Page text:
Antibiotic Resistance is a term that appears to be like some super terms used in some science fiction movies. But this term is something from which we should be afraid of because antibiotic resistance and spread of drug-resistant pathogens are one of the most serious and dangerous threats to public health in this 21st century. Continue reading What are the different Causes of Antibiotic Resistance?
With the use of high–yielding varieties of crops, the use of fertilizers and pesticides has increased a lot. Excess fertilizers may mix with surface water and may get drained into water bodies (surface runoff). These fertilizers overstimulate the growth of algae, causing eutrophication, and robbing the water of dissolved oxygen vital to other aquatic life. During the past century, lakes in many parts of the earth have been severely eutrophied by sewage and agricultural and industrial wastes. Continue reading What is Eutrophication? What are its Causes & Effects?
The cells of an embryo get their roles when they are capable of differentiating autonomously in a neutral environment such as petri dish or test tube. (the environment is neutral with respect to the development pathway.) This process of giving different roles to embryonic cells is called Cell Specification. Continue reading How do cells in Embryo get their Roles to Play?
In 1868, T. H. Huxley described protoplasm as the “physical basis of life”. Protoplasm is a clear, colourless and jelly-like substance which seemed to make up the contents of the cell. It was also described as “substance of life” or “living material”. Continue reading What is the physical basis of life?
Antitranspirants are substances applied to the plants for the purpose of reducing transpiration (water loss) without causing a significant effect on other plant processes, such as photosynthesis & growth. They have been used with some success in horticulture, especially in the ornamental industry. Continue reading What are Antitranspirants? How do they Reduce Water Loss in Plants?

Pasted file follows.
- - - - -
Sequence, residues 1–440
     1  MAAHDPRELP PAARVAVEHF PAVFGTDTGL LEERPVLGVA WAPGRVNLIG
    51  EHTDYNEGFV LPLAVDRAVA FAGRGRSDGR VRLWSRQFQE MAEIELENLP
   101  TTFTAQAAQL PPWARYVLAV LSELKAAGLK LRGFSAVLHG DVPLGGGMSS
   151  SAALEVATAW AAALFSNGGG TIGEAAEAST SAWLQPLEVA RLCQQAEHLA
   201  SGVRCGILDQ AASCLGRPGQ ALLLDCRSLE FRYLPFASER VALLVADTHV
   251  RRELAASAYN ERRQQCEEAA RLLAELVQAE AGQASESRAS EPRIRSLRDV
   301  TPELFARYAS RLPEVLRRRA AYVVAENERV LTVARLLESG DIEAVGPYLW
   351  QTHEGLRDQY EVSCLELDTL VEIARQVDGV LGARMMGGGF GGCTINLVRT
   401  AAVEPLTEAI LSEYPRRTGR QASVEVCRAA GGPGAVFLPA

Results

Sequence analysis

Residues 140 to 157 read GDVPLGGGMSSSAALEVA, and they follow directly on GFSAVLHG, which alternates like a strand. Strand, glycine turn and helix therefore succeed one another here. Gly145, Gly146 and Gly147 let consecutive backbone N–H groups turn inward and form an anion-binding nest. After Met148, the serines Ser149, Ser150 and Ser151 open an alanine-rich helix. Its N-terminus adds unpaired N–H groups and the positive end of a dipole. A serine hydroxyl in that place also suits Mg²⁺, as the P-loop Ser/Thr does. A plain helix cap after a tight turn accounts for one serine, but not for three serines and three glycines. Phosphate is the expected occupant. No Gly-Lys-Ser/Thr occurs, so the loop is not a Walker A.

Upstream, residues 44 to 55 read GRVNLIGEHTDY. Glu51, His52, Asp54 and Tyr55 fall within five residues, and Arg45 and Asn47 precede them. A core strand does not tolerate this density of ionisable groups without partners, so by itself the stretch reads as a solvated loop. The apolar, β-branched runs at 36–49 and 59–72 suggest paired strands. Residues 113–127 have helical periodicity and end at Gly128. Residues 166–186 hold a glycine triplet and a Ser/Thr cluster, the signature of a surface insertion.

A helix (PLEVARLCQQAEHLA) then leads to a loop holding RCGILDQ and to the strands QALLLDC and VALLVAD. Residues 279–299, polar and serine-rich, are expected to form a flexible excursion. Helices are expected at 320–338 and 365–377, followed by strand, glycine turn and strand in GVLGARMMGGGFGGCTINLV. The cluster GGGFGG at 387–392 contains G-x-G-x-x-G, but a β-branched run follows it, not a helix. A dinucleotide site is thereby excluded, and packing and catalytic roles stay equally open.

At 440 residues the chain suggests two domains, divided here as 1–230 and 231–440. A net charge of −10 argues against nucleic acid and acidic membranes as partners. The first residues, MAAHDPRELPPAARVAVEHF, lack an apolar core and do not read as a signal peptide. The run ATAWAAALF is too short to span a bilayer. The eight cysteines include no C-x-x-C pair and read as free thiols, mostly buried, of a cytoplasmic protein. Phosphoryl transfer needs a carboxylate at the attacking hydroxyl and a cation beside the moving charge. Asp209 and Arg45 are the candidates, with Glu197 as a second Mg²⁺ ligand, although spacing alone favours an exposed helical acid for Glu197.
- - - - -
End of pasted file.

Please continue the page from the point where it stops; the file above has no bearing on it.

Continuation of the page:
From the beginning of time, people have tried to understand aging and processes associated with the biology of aging. Many scientists believe that aging results from the repetitive damage caused to our body cells. The everyday metabolic activities that usually sustain our life but also create “metabolic stress”, which over time, results in damage to our bodies. Some of these metabolic activities result in the production of radicals and which may cause harmful damage to our body cells. Continue reading Free Radicals: What is their role in making us old?
A most common and important source of genetic variability is known to be present uniformly throughout the genome is termed Single Nucleotide Polymorphisms or SNPs. Interest in SNPs lies in the fact that these polymorphisms may be responsible for the differences in disease susceptibility, drug metabolism and response to environmental factors between individuals. Even, if they are not directly responsible for the disease, they serve as genetic markers for a nearby locus that might be responsible. Continue reading What are SNPs? Why are Scientists interested in them?
An average Human cell (diploid) contains about 6.4 billion base pairs of DNA divided among 46 chromosomes. The length of each base pair is about 0.34 nm. Therefore, if the DNA molecule in a diploid cell were laid out end to end, the total length of DNA would be approximately 2 meters. Continue reading How a 2 meters long DNA is fitted into a 2 micrometers Nucleus?